This is one of those recipes that I thought would be humble and simple, and turned out to be the most amazing thing I ate all week. This masala sauce, for some reason, is just about the best sauce I’ve ever had. I’m not exaggerating. I don’t know if it’s just me but I could eat this sauce on any form of grain, bean, or protein and be in heaven.
The recipe comes from Tom Hirschfeld, who must know what he’s doing because he has a degree in culinary arts and writes wonderfully for Food52. This was the first of his recipes I’ve tried and I will no doubt be trying more.
The sauce really won my heart, but the lentil cakes are some of the best I’ve had too. They’re made more interesting with the garam masala and ginger. The raw batter looks, and tastes, BAD. Don’t let this scare you like it scared me – once the grey, mushy batter gets fried up, it is wonderfully crispy, crunchy, and super flavorful.
I’d be interested to see if these would be good as mini-cakes: maybe make 16 or 20 little cakes out of them which I can only imagine would be great. I’m sure they would also be fantastic as a “burger,” on a bun with lots of the sauce and some crunchy greens and onion.
Lentil Cakes Tikka Masala
from Tom Hirschfeld via Food52
Makes ~8 lentil cakes
For the Lentil Cakes:
1 cup dried Lentils du Puy (French green lentils), rinsed and picked over for stones
1/2 yellow onion, small dice
1 tablespoon fresh grated ginger
1 tablespoon cilantro, minced
2 teaspoons garam masala
1/4 cup flour, I used millet flour
3/4 teaspoon kosher salt
For the Sauce:
1/2 yellow onion, small dice
1 cup tomato sauce
1/2 cup cream
1/2 cup plain yogurt
2 teaspoons cilantro
Make the lentil cakes:
Place the lentils into a 3 quart pot and cover with water by two or more inches. Add the minced onion. Place the pot over medium heat. Slowly bring the lentils to a boil then reduce the heat to a simmer and cook the lentils until tender adding a pinch or two of salt in the last 10 minutes of cooking. This should take approximately 30 minutes.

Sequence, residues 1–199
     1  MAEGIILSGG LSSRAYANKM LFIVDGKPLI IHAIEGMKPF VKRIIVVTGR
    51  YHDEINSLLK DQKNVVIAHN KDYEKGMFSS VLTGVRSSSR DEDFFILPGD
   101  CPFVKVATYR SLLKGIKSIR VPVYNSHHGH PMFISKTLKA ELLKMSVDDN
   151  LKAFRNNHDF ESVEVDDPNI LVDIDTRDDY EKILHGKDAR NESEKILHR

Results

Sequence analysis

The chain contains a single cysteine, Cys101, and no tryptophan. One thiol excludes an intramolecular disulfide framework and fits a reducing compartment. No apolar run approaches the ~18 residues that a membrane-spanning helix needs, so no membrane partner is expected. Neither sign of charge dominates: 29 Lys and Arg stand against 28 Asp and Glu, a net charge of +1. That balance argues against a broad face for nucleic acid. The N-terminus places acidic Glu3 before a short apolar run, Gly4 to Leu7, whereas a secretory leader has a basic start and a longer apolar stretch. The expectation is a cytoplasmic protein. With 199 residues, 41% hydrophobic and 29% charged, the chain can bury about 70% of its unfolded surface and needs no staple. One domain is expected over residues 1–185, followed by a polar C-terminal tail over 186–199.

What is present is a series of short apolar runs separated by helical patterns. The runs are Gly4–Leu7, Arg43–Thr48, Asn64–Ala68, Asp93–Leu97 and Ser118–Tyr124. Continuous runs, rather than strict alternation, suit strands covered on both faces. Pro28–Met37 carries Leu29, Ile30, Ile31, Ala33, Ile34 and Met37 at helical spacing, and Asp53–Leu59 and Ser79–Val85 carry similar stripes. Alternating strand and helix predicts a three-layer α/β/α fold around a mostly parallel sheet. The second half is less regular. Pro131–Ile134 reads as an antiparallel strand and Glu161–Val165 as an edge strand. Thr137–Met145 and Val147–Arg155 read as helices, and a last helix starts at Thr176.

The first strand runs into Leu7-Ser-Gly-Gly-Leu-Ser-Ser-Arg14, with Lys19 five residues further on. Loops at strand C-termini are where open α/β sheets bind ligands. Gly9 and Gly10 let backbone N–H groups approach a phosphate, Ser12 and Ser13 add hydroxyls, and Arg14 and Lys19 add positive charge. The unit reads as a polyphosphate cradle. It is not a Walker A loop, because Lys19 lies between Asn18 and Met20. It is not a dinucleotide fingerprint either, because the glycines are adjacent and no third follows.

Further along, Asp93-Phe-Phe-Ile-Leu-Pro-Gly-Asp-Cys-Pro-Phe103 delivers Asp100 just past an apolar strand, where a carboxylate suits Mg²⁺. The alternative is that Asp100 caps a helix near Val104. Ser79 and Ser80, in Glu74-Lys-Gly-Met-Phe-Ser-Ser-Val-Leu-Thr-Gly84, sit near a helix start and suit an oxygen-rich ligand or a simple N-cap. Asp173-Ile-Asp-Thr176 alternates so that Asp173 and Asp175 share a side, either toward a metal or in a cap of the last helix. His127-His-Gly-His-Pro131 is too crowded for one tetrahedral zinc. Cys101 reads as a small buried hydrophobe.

Drain the lentils. Let them cool but puree them in a food processor while they are still warm. They will be easier to handle when warm. Add the remaining lentil cake ingredients and pulse the cakes a few more times until the rest of the ingredients are combined into the mix. Taste the lentil puree then season the puree with kosher salt and a few grinds of pepper. Taste again and adjust the seasoning. Let the cakes sit for a few minutes to hydrate the flour. Take a tablespoon of the mix and make a ball. Is it really wet or is it too stiff? You want the mix to hold its shape but not be overly stiff otherwise they can be dry when cooked. It should just hold its shape. Add more flour a tablespoon at a time if you need to letting the additional flour hydrate before testing.
Divide the lentils into eight balls. Add enough oil to cover the bottom of a heavy bottomed sauté pan by an 1/8 inch. Heat the oil over medium high heat. Test the oil by dropping a pinch of lentil to the pan. It should begin to sizzle right away but not violently sizzle and pop. When the oil is ready take each lentil ball and smash it down gently forming it into 1/2 inch thick cakes and add them to the oil. Let each side brown nicely and then remove them to a tray lined with a brown bag or paper towel to soak up the oil. Keep the cakes warm, either in a low, 200 degree oven or in a warm place on the stove.
Make the tikka masala sauce:
Drain the oil from the pan, place it back on the heat and then add the remaining diced onion. Saute until tender then add the rest of the sauce ingredients. Stir to combine, bring to a boil then reduce the heat. Let it simmer for ten minutes to come together. You can puree the sauce to make it smooth or leave the onion chunky making the sauce rustic.
Top lentil cakes with sauce and serve with rice.